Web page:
The Feldenkrais Method is a technique of ‘physical re-education’ or ‘sensory motor learning process’ which aims to help people more fully realise their movement potential in a unique and practical way.
What can the Feldenkrais Method treat?
Practitioners claim that the Feldenkrais Method can help treat a range of conditions including:
Babies, particularly those with congenital problems or problems of a muscular or neurological nature such as birth trauma or cerebral palsy, can benefit from the Feldenkrais Method.
- musculo-skeletal problems such as back and muscle pain
- RSI and sports injuries
- neurological problems such as strokes
- neuromuscular conditions such as cerebral palsy
- general improved physical and mental wellbeing
- chronic pain
- to improve performance in the arts and sports
The Feldenkrais Method was devised in the Forties and Fifties by Dr Moshe Feldenkrais, an Israeli atomic physicist and engineer. An enthusiastic athlete himself, Feldenkrais began to study movement while recovering from a serious knee injury. He was struck by the natural grace of children and decided to study human movement in greater detail.
By bringing together Eastern and Western concepts of the body – combining the study of anatomy, physiology, neurology and psychology with his knowledge of Oriental martial arts – Feldenkrais created hundreds of ‘lessons’ or exercises which help facilitate ease of movement with "minimum effort and maximum efficiency".
The method is an educational one, focusing on learning and movement to bring about improved functioning. These exercises can help increase awareness of the body and change habitual postures and movements. Apart from ridding the student of tension and discomfort, the method also has a positive effect on self-image and self-awareness.
Feldenkrais also worked extensively with severe neuromuscular disturbances such as cerebral palsy and other forms of physical disability, helping sufferers gain increased control over limb movements. He founded the Feldenkrais Institute in Israel in 1962 and there are now over 2,500 practitioners of the method around the world.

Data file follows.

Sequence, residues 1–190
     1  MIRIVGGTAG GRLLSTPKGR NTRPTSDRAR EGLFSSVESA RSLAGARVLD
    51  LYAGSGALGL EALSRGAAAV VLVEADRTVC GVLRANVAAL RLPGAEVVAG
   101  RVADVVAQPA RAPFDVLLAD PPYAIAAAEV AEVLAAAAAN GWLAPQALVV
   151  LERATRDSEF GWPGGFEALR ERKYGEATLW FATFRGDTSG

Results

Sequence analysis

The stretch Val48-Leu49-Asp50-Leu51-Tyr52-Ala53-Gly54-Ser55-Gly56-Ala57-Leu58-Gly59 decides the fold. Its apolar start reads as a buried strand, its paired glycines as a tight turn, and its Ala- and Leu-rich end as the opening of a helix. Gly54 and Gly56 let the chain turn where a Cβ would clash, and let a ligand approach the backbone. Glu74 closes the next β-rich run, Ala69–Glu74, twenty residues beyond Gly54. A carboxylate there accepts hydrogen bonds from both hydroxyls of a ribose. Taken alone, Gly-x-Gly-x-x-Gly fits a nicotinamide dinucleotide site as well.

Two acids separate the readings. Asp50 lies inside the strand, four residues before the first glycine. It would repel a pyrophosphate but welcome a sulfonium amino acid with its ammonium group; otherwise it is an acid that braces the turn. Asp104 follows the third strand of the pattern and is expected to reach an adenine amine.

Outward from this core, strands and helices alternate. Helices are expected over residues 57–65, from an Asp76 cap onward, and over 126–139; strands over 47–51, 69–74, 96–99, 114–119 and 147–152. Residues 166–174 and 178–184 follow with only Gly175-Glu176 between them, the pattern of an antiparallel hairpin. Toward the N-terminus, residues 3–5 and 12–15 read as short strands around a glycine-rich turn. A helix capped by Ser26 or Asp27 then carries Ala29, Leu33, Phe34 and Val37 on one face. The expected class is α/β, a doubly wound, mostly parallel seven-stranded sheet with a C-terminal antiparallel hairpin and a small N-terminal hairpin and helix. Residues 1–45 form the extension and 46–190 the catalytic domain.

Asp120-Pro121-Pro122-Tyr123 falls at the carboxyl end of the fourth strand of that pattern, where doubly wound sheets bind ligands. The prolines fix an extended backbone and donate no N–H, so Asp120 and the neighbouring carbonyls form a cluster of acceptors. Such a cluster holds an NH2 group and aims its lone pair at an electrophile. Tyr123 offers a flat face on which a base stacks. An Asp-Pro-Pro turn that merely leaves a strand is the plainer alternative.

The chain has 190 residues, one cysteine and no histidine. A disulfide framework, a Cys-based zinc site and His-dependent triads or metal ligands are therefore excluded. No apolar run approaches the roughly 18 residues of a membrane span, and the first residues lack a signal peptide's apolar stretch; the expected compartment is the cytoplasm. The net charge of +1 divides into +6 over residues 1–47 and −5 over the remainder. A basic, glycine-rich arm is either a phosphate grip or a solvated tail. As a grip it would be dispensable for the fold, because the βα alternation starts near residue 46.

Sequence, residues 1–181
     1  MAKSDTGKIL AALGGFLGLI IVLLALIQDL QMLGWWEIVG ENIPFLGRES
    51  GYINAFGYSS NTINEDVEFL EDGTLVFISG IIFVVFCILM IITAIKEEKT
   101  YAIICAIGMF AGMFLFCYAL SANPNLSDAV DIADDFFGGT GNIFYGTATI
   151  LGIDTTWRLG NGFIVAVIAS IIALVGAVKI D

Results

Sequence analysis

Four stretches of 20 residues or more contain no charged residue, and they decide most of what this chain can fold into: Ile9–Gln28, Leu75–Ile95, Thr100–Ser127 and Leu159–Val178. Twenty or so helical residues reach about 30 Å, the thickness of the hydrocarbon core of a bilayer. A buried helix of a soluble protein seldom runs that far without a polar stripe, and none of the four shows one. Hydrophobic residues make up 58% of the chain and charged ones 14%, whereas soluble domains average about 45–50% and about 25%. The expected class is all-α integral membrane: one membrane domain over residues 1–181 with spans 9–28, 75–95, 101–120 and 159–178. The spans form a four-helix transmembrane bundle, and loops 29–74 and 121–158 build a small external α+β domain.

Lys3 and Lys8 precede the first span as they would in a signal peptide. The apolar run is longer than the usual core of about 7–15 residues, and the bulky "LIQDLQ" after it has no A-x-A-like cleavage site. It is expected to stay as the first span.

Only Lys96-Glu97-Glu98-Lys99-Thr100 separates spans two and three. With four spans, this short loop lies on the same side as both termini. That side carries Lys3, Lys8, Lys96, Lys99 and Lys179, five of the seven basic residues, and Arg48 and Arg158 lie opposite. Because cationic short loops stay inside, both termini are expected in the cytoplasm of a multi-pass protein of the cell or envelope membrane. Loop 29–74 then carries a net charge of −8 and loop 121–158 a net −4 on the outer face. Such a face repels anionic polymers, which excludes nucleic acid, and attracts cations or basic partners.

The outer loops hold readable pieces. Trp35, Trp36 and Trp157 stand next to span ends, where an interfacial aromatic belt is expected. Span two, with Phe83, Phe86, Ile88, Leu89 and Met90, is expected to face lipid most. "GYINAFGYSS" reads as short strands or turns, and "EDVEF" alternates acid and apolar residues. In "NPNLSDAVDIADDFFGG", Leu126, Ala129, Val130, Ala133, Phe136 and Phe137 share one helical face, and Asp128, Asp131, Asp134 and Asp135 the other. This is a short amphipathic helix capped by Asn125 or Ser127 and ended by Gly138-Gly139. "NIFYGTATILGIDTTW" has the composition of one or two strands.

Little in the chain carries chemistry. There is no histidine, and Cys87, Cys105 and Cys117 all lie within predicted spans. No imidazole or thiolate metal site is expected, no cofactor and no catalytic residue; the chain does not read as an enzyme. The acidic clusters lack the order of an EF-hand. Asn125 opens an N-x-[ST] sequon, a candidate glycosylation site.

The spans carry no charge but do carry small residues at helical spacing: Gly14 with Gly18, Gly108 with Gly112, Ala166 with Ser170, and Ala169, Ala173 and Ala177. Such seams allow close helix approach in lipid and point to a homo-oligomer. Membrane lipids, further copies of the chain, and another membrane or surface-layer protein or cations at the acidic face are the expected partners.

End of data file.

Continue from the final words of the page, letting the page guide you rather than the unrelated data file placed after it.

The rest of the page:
Consultation and Treatment
The Feldenkrais Method is taught either in a class or on a one-to-one basis.
During classes, pupils are verbally instructed by the practitioner to explore sequences of movements around a specific function or theme. Habitual movements are reduced to their component parts and new perceptions of common movements such as rolling, bending, reaching and turning are encouraged. Consciousness of breathing whilst moving is developed. Alternative patterns of movement are explored and the student is retaught natural, efficient and co-ordinated actions.
In private sessions, most of the instruction is given through refined and sensitive touch. The patient is fully clothed. No massage, manipulation, invasive or forceful means are used.
A minimum of an initial three lessons is recommended to see if a client enjoys the therapy and finds it beneficial. The number of sessions required after that will depend on individual progress.
Classes cost between £5 and £10 for up to an hour. Private sessions cost between £25 and £45.
It is always beneficial for students to review what they have learnt in classes or private sessions. The Feldenkrais Method can also be learnt at home from books or tapes but consulting a practitioner is always recommended over home study.
How to find a practitioner
The Feldenkrais Guild UK holds a register of accredited teachers and details of training courses. Most training lasts for four years on a part-time basis and is undertaken in accordance with an International Training Accreditation Board.
The Guild is a non-profit-making professional organisation of practitioners and teachers of the Feldenkrais method. Only those professionally trained by Dr Feldenkrais and graduated from an accredited professional training programme or a training recognised by the Feldenkrais Guild UK are eligible to be full members of the Guild or to use the legally registered name: Feldenkrais Method.
Anyone receiving medical treatment for serious conditions may want to seek the advice of their GP before starting the Feldenkrais Method or to mention the treatment to their practitioner. Apart from that precaution, the Feldenkrais Method may be safely combined with most conventional and other complementary therapies.